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Tigar’s decision is the latest in a string of defeats for a president who had pledged to crack down on illegal immigration, and has threatened to oust Department of Homeland Security Secretary Kirstjen Nielsen as the number of families caught crossing the border each month continues to spiral.

Federal judges have frustrated Trump’s efforts to strip funding from sanctuary cities and rescind temporary work permits and deportation protections from roughly 1 million immigrants who were protected under past administrations. His “zero tolerance” policy, which forcibly separated parents and children at the border this spring, exploded into a public crisis. And the Republican-led Congress so far has declined to fund his promised border wall.

Four immigrant advocacy groups - the East Bay Sanctuary Covenant, Al Otro Lado, Innovation Law Lab, and Central American Resource Center of Los Angeles - filed suit over the asylum policy hours after the administration issued the new rule in early November.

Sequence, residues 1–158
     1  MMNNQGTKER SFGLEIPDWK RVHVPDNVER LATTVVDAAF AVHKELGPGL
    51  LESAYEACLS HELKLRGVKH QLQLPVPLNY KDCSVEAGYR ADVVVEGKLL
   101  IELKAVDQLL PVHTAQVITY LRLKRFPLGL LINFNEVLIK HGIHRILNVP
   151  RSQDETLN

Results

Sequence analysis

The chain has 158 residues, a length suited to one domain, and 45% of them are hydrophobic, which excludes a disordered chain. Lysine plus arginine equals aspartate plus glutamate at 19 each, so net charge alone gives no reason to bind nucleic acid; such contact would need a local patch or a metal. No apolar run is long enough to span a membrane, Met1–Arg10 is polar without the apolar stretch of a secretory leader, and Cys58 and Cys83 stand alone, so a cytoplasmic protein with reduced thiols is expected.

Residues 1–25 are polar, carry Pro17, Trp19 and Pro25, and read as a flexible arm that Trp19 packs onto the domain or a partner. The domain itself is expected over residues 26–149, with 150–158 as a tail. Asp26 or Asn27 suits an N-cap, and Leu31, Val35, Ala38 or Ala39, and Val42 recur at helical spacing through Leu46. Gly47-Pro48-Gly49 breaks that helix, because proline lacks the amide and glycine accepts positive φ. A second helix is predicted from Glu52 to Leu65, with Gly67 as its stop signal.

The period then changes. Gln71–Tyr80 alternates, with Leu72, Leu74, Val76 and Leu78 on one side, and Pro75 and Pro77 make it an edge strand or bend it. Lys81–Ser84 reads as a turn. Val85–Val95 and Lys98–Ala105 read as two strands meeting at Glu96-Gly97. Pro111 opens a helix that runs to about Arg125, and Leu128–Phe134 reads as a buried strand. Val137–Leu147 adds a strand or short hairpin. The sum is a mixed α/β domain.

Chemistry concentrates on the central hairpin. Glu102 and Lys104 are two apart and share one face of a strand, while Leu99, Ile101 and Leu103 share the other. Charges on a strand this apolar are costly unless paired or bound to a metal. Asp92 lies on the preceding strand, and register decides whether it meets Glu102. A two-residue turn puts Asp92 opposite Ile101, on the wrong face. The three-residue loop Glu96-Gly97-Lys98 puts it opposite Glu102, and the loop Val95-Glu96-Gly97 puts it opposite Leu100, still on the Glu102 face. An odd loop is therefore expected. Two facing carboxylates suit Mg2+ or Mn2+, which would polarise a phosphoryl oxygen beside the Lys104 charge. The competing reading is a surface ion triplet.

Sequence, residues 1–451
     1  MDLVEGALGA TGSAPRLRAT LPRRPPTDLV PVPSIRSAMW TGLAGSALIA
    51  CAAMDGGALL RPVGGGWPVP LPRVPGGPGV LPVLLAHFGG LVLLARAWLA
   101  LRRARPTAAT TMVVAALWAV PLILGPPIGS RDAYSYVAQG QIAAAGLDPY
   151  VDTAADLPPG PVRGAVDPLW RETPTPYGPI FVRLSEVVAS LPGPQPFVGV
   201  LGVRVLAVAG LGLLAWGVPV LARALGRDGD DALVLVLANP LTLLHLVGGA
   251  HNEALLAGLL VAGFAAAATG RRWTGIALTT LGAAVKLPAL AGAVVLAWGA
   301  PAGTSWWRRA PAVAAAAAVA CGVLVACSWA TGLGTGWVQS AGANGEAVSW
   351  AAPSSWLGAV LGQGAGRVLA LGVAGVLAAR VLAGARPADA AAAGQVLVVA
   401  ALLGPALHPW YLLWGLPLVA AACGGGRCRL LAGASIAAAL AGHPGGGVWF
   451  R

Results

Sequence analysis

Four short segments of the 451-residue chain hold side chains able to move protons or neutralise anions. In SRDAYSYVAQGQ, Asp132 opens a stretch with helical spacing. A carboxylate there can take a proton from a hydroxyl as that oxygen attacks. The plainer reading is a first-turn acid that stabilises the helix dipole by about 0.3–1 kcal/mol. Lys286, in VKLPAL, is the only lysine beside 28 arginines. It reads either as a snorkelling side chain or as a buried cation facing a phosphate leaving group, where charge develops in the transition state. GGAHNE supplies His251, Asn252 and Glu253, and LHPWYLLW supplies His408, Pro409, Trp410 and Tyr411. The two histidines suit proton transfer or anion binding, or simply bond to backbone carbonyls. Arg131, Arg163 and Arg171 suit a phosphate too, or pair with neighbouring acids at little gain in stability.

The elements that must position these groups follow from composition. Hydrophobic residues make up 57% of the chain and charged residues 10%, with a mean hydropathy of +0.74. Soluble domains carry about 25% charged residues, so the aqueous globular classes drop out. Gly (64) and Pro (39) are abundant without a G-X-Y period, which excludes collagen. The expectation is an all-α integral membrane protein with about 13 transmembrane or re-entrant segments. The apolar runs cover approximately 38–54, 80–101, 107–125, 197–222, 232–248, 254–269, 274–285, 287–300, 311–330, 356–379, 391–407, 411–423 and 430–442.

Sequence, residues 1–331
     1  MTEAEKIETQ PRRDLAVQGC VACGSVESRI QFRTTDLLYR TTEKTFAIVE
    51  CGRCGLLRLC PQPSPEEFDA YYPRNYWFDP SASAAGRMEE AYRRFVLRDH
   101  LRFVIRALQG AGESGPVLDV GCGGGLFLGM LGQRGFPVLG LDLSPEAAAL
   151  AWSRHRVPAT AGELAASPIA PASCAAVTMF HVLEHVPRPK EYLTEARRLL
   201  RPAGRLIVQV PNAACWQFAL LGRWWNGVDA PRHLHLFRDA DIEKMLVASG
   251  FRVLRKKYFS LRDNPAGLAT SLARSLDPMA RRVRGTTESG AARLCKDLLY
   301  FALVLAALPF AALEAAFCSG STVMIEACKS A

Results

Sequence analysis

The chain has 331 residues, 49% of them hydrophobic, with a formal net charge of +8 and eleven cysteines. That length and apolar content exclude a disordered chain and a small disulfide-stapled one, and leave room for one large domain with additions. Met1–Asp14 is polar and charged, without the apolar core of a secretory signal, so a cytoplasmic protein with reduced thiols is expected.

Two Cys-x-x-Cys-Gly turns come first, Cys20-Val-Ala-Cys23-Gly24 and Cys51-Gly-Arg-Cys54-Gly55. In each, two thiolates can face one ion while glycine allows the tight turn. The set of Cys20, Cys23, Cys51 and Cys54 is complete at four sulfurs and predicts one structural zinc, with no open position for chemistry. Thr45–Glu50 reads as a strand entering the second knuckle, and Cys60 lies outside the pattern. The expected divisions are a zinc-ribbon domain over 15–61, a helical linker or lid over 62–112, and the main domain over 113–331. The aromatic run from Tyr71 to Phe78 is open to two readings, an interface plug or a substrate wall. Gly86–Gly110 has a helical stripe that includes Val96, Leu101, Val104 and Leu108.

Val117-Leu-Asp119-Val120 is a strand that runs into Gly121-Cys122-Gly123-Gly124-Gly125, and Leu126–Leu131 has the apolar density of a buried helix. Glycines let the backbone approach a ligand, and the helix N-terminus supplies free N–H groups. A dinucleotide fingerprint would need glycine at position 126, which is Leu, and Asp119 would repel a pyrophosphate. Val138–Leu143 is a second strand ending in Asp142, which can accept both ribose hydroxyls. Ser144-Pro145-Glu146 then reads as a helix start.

American Civil Liberties Union attorney Lee Gelernt, who argued the groups’ case before Tigar at a court hearing Monday, said the judge’s ruling means that migrants can apply for asylum anywhere along the nearly 2,000 mile Mexican border, as they have done for decades.

But he said the decision to cross illegally is theirs alone.

“We don’t, and would not advise anybody to break the law,” he said. At the same time, he said, advocates believe many will attempt to sneak across the border because the U.S. government is limiting the number of asylum seekers who can cross legally.

On Monday, U.S. Customs and Border Protection temporarily closed the entire San Ysidro crossing in San Diego, where thousands are waiting to seek asylum. After installing additional layers of razor wire and concrete barriers, officials reopened the port with 10 of 26 vehicle lanes closed.

“The wait is so long, and it’s dangerous,” Gelernt said. “I think that there’s going to be people crossing between ports (of entry), as they always have.

“Out of necessity, historically, people have done what they need to do to save their lives,” he added. “That’s why Congress has this provision in the statute, and has never changed it.”